According to the firms, which track tanker movements, between 4.4 million and 11 million barrels of Iranian crude were discharged into China last month, or 142,000 to 360,000 barrels per day (bpd). The upper end of that range would mean July imports still added up to close to half of their year-earlier level despite sanctions.
The imports are continuing at a precarious moment in US-China relations: The flow is hampering U.S. President Donald Trump’s efforts to choke off oil exports vital to Iran through sanctions, just as tensions rise in the festering US-China trade dispute that has cast a pall over the global economy.
Senior Trump administration officials estimate that 50-70% of Iran’s oil exports are flowing to China, while roughly 30% go to Syria.
China is typically Iran’s largest oil customer and contests Washington’s sanctions. But June imports of around 210,000 bpd were the lowest in nearly a decade and 60% below their year-ago level, according to customs data, as some Chinese refiners, concerned about the sanctions, refrained from dealing with Iran.
The General Administration of Chinese Customs is scheduled to release details of July imports by origin in the last week of August.
Neither the National Development & Reform Commission, the state planner that oversees the country’s state oil reserves, nor the national customs bureau responded to Reuters’ requests for comment.
JINZHOU RESERVES DOUBLED
Similar to June imports, it’s unclear how much of the July shipments has been sold to buyers or stored in bonded storage tanks and yet to clear customs. Some 20 million barrels of Iranian oil appeared stranded at the northeastern port of Dalian after moved into bonded tanks since late last year.
While the customs department does not disclose details of port entries, oil analytics firms track where tankers arrive.
According to research by data provider Refinitiv, July saw five vessels operated by the National Iranian Tanker Company (NITC) discharge 958,000 tonnes of Iranian crude into Chinese port Jinzhou in the northeast, Huizhou in the south and Tianjin in the north.
NITC didn’t immediately respond to a request for comment.
Jinzhou, Tianjin and Huizhou are locations for refineries and commercial storage owned by Chinese state oil firms China Petrochemical Corp (Sinopec Group) and China National Petroleum Company (CNPC). Some of the country’s tanks holding Strategic Petroleum Reserves (SPR) - kept by many countries as stockpiles for emergency situations - are also located in these cities.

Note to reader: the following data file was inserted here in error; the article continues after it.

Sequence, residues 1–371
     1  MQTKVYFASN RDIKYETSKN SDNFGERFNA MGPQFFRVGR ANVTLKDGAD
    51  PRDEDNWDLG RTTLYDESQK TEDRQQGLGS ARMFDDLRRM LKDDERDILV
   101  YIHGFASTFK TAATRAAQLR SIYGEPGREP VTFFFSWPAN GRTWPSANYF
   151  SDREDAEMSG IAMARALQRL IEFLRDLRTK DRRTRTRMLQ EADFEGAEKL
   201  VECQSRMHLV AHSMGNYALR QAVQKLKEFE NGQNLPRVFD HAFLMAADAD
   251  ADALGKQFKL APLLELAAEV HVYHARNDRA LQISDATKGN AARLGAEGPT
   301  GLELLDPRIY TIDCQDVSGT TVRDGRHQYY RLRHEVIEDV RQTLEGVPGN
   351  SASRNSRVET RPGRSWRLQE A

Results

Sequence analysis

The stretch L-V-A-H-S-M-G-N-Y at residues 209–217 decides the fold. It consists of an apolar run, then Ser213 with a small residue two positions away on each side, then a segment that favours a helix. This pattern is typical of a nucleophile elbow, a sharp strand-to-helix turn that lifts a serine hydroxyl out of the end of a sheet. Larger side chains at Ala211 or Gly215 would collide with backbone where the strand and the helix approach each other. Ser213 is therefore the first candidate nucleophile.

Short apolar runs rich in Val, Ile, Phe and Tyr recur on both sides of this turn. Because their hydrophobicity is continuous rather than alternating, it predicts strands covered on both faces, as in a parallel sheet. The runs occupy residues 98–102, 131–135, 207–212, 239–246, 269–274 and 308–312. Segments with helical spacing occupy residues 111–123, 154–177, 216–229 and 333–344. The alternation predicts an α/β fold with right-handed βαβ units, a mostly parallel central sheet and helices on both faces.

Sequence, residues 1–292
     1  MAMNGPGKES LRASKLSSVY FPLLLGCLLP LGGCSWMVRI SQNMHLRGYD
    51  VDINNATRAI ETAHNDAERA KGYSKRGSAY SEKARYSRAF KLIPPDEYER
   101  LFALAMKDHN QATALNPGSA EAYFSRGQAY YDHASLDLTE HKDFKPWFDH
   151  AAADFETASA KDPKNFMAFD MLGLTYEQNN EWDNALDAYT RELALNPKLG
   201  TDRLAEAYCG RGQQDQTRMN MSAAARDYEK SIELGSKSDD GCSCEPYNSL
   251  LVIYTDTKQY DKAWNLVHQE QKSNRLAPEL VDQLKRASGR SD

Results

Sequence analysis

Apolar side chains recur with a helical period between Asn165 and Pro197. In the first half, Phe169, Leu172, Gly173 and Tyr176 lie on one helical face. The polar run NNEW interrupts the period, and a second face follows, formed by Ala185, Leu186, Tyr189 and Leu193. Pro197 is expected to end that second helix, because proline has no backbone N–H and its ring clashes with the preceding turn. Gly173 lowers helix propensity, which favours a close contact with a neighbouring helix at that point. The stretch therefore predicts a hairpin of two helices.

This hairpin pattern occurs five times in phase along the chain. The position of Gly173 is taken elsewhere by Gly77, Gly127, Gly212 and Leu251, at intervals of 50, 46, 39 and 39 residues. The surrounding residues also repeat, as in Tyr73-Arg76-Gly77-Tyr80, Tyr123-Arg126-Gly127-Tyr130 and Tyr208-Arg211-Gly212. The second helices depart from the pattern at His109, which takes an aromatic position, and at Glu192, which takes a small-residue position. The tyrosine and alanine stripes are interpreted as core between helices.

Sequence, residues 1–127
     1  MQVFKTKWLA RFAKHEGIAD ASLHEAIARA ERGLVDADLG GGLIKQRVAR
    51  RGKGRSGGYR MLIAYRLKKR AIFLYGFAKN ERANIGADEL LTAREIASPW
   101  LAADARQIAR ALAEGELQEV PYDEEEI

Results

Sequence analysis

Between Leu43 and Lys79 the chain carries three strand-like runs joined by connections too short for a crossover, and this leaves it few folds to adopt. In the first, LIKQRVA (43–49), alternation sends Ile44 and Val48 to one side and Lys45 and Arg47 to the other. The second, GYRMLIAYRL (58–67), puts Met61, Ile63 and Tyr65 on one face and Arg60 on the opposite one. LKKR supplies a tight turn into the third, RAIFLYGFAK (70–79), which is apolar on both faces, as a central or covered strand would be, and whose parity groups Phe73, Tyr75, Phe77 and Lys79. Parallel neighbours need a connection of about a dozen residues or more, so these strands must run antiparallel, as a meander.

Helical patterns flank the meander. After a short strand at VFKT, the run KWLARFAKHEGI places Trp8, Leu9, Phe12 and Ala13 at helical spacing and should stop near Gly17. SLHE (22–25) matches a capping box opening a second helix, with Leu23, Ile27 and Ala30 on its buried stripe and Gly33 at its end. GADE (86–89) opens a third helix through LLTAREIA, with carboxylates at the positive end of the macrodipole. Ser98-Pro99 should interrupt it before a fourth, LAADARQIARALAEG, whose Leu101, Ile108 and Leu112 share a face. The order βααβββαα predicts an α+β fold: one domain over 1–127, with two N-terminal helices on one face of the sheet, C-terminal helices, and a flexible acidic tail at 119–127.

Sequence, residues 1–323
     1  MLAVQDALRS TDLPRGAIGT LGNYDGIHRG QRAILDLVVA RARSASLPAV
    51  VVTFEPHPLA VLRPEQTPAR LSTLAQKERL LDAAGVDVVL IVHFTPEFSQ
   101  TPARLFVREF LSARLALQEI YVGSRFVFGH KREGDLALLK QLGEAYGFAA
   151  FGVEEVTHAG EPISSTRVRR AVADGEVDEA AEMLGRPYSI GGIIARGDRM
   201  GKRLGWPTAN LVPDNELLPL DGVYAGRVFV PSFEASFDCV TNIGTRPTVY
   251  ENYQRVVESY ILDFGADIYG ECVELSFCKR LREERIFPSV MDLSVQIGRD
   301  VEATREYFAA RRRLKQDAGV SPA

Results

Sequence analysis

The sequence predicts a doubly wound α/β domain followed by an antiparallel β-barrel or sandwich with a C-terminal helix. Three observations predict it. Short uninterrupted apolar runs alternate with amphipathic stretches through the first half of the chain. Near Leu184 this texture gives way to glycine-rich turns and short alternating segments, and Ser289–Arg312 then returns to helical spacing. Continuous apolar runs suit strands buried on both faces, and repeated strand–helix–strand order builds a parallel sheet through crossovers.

Asked if it was among buyers of Iranian oil, Sinopec declined comment. CNPC did not respond to a request for comment.
In a report dated July 29, London-based energy data firm Kpler said inventories at the Jinzhou underground SPR rose to 6 million barrels from 3.2 million in mid-June “as a result of Iranian crude flows...The increase is fully the result of Iranian barrels discharged into the facility.”
The firm estimated 360,000 bpd of Iranian crude had been delivered to China last month.
Vortexa, another London-based energy market intelligence firm, pegged the July deliveries into China at 4.4 million barrels and identified similar port destinations.
Asked if U.S. sanctions apply in the case of Beijing storing Iranian oil in SPR facilities, a State Department official told Reuters Washington does not preview sanctions activities as it seeks to force Tehran to accept stricter limits on its nuclear activity and policy in the Gulf.
“But we will continue to look for ways to impose costs on Iran in an effort to convince the Iranian regime that its campaign of destabilizing activities will entail significant costs,” said the spokesman.
In July, Washington sanctioned state-run Chinese oil trader Zhuhai Zhenrong Co for allegedly violating restrictions imposed on Iran’s oil sector.
Elizabeth Rosenberg, an expert on sanctions with Center for a New American Security, a Washington-based think-tank, said if oil changes hands and even if it is then put in storage, the buyer would then be violating sanctions.
China has repeatedly criticized the unilateral U.S. sanctions on Iran and opposed Washington’s “long-arm” jurisdictions.
“Strictly speaking, from the perspective of international law, China or other countries don’t have an obligation to obey unilateral sanctions from the US,” said Zha Daojiong, Peking University professor of International Political Economy.